Turbulence and struggle
For over seven years, between 2010 and 2017, I flew a weekly distance of 1200 miles every week, from Atlanta to Miami and back. That was so because my family lived in Atlanta and my work assignment and studying for a PhD was in Miami. So, I was no stranger to flying. I had no fear of traveling on planes either. However, one day I got on a plane and as it took off, something strange began to happen in my body. My body started to shake like a rattle and that was hard to control. Then my heart started to thump as though it was coming out of my chest. Then an intense fear took over my body as though the plane was about to crash, even though as I looked around, everybody was calm and going about their business in the fashion that was normal on a flight. It suddenly dawned on me that my body’s reaction was coming from my personal state of emotional distress and not the flight. That episode was the last link in a series of emotional trauma I suffered as a result of intense and acute stress. You see, my Job was too much for one individual. My professional duties carried the intellectual load of what two professors would have done.
I simultaneously run a university department. I was also completing a fulltime PhD. It must be noted that most people in my PhD’s cohort quit their jobs to pursue the programme. Yet, I was pursuing the programme alongside my intense workload, no immediate family support, and flying 1200 miles per week in the process.
So, my body began to act crazy. Sometimes it behaved like I was having a heart attack, even though all my cardiac test proved I was fine. It simulated stomach ulcers; angina; bowel problems, then irritable bowel syndrome, and they just kept coming. During the whole time, my doctors kept saying that I had to give up my Job and go rest and be with my family permanently in Atlanta. But given the economic climate at that time, Jobs were hard to come by, so I had to keep what I had. If I gave up my Job, more distress would follow.
So, how do you rest in the middle of a struggle or in the midst of distress?
Long struggle can obscure available rest
In Isaiah chapter 40, the Children of Israel was in dire distress. They had spent 70 miserable years in Babylon. They were thrust down there after God had banished them from Judah for apostacy. At the time, the leaders were killed, the city was plundered, and burned to the ground, and the people were deported from their own country down into Babylon. Just imagine deportation from your own country.
In Babylon they were slaves, and their servitude was intense and brutal. Isaiah 40:2, says that the punishment for their sin was multiplied by a factor of two. So much so, that when the story is picked up in Isaiah 40 verse 27, you see the feeling of emotional loss in their complaints: Why do you complain, Jacob? Why do you say, Israel, “My way is hidden from the LORD; my cause is disregarded by my God”? Their tribulation was so grave, that the very people-of-God felt like Jesus on the cross, saying father, why have you forsaken us.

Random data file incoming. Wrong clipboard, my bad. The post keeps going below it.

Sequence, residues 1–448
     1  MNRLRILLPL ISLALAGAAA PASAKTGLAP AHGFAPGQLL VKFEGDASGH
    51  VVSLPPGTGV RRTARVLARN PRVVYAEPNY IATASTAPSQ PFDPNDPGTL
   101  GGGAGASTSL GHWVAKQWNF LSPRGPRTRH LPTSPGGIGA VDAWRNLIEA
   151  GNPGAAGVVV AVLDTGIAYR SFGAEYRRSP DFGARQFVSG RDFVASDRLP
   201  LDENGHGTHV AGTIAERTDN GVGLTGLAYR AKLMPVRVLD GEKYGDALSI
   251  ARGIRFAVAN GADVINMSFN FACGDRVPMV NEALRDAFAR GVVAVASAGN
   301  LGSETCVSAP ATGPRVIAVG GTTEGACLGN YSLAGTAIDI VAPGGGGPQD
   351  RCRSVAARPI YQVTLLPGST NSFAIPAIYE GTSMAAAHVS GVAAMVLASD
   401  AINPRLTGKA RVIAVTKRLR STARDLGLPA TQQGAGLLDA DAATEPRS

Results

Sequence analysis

I have heard my wife get angry with God twice. And knowing the person she is, I know without any doubt that she was going through something that generated that anger. When the pain is that intense, not many of us can think straight enough to remember that God cares; and so, we keep carrying the burden. And in Isaiah 40:1, God sent a message: “Comfort My people,” says your God. 2 “Speak tenderly to Jerusalem, and proclaim to her that her forced labor has been completed …”
Israel complained, for 70 years there was a whip on our backs whether in rain, blistering sunlight, or blizzardy snow. Why should they believe that rest is coming? They were so frustrated with hopelessness that they questioned whether God could even see them: our way is hidden from the Lord at best. In the worse scenario, he has ignored us. After all, he has doubled our pain and disregarded our existence. In essence, Israel is asking, where has that promised rest been for the last 70 years? But Isaiah did not stop there: Verse 31, But they that wait upon the Lord shall renew their strength; they shall mount up with wings as eagles; they shall run, and not be weary; and they shall walk, and not faint. The bible says wait I say on the Lord.
The meaning of rest during struggle and distress
What does it mean to wait on the Lord?
To wait does not mean to stop in a state of idleness, it means depend. They that depend on the lord shall renew their strength… What does it mean to wait upon the Lord? It means to have patience. Ps. 40: 1: I waited patiently for the Lord he inclined to me and heard my cry. 2: He drew me up from the pit of destruction, out of the miry bog, and set my feet upon a rock, making my steps secure. What does it mean to wait upon the Lord? Paul says it means to let your mind transcend the physical and focus on the spiritual: Col. 3:2, Set your minds on things above, not on earthly things.
But most importantly, what does it mean to rest during struggle and distress? It means dependency on God; patience to let God have his way; allowing the holy ghost to transform your mind, right in the midst of the battle, from the physical and temporal into the realms of the heavenly. But only Jesus in your heart can facilitate an attitude of dependance on God.